With the help of a new $580,000 US Department of Energy (DOE) grant, the earth scientists will use their skills at interpreting underground sound to seek out "sweet spots"--pockets of natural gas and oil contained in fractured porous rocks--in a Wyoming oil field. If the method proves effective at determining where to drill wells, it could eventually be used at oil and gas fields across the country.
A major domestic source of natural gas is low-permeability or "tight" gas formations. Oil and gas come from organic materials that have been cooked for eons under the pressure and high heat of the Earth's crust. Some underground reservoirs contain large volumes of oil and gas that flow easily through permeable rocks, but sometimes the fluids are trapped in rocks with small, difficult-to-access pores, forming separate scattered pockets. Until recently, there was no technology available to get at tight gas.
Tight gas is now the largest of three unconventional gas resources, which also include coal beds and shale. Production of unconventional gas in the United States represented around 40 percent of the nation's total gas output in 2004, according to the DOE, but could grow to 50 percent by 2030 if advanced technologies are developed and implemented.
One such advanced technology is the brainchild of Mark E. Willis and Daniel R. Burns, research scientists in the Department of Earth, Atmospheric and Planetary Sciences (EAPS), and M. Nafi Toksoz, professor of EAPS. Their method involves combining data from two established, yet previously unrelated, means of seeking out hidden oil and gas reserves.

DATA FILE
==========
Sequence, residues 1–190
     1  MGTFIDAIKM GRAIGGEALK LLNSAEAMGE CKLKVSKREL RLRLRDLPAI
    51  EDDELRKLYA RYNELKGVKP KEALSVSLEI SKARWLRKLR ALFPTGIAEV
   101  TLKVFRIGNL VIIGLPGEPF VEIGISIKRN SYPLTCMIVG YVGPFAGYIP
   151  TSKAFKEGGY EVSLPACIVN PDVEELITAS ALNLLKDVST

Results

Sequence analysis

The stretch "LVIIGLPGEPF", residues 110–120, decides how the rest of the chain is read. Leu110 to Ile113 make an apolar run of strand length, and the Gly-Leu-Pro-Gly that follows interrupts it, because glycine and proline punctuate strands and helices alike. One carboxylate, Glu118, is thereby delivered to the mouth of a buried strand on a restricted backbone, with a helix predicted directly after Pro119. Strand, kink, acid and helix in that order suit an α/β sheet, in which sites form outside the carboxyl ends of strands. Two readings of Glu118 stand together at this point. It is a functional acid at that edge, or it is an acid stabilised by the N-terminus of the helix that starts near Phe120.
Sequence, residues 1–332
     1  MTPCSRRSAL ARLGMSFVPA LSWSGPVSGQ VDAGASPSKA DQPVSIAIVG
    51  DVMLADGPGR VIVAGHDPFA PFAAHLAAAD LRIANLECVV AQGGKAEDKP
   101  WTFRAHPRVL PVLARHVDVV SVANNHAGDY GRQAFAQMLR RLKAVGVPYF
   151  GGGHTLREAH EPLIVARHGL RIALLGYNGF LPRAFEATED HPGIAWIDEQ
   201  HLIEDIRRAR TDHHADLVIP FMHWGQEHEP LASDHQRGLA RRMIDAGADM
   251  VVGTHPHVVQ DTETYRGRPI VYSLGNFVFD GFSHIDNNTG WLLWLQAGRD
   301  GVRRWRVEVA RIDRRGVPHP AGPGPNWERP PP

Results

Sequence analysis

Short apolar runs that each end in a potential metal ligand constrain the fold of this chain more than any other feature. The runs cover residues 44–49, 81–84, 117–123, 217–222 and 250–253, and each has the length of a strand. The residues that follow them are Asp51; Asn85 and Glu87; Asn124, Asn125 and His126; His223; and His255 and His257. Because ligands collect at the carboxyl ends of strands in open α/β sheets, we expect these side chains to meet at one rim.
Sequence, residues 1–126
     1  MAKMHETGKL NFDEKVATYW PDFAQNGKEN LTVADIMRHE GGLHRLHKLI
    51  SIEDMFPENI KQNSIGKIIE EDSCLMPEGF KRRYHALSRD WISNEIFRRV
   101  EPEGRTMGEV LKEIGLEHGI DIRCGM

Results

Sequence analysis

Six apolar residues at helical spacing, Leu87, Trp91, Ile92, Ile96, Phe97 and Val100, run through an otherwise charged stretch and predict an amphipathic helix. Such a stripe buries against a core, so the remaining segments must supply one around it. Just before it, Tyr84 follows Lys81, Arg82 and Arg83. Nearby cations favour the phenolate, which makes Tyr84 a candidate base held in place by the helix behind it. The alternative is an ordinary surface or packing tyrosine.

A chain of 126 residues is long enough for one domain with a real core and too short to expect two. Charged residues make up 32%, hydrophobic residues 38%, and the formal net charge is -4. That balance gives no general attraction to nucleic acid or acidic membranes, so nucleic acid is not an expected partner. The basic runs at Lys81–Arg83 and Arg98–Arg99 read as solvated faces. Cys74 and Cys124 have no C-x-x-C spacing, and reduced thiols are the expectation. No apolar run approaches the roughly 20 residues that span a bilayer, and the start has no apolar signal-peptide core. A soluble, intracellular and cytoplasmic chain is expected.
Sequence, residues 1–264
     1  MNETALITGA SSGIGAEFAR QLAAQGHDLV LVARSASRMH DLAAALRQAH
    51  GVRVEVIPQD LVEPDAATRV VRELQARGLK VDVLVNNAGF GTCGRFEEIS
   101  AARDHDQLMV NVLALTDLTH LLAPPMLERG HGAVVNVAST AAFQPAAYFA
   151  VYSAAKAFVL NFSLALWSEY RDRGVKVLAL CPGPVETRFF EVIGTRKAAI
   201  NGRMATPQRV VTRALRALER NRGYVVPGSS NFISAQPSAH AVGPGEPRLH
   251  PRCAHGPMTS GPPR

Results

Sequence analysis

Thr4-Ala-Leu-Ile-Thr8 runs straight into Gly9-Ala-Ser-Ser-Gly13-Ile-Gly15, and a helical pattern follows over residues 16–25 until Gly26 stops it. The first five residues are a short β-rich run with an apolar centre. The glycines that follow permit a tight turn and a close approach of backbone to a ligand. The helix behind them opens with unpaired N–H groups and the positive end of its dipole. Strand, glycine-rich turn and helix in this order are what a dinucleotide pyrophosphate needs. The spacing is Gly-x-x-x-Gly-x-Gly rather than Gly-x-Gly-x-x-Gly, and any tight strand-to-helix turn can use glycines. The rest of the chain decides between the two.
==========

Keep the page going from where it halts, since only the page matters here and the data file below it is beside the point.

To free up the hydrocarbons scattered in small pockets from one to three miles below ground, oil companies use a process called hydraulic fracturing, or hydrofrac, which forces water into the bedrock through deep wells to create fractures and increase the size and extent of existing fractures. The fractures open up avenues for the oil and gas to flow to wells.
To monitor the effectiveness of fracturing and to detect natural fractures that may be sweet spots of natural gas, engineers gather acoustic data from the surface and from deep within wells. "Surface seismic methods are like medical ultrasound. They give us images of the subsurface geology," Burns said. Three-dimensional seismic surveys involve creating vibrations on the surface and monitoring the resulting underground echoes. "When the echoes change, fractures are there," Willis said.
A method called time-lapse vertical seismic profiling (VSP) tends to be more accurate because it collects acoustic data directly underground through bore holes. "Putting the receivers down into a well is like making images with sensors inside the body in the medical world," Burns said. "The result is the ability to see finer details and avoid all the clutter that comes from sending sound waves through the skin and muscle tissue to get at the thing we are most interested in seeing."
Time-lapse VSP is expensive and not routinely used in oil and gas exploration. The EAPS research team, working with time-lapse VSP data collected by industry partner EnCana Corp., came up with unique ways to look at the data together with microseismic data from the tiny earthquakes that are produced when the rock is fractured. "If we record and locate these events just as the US Geological Survey does with large earthquakes around the world, we get an idea of where the hydrofrac is located. Then we look at the time-lapse VSP data at those spots and try to get a more detailed image of the fracture," Burns said.
The MIT team hopes to show that this new approach is the most effective way to find sweet spots. "If we can demonstrate the value of time-lapse VSP, this tool could be used in a wider fashion across the United States on many fields," Willis said.
Elizabeth A. Thomson | MIT News Office
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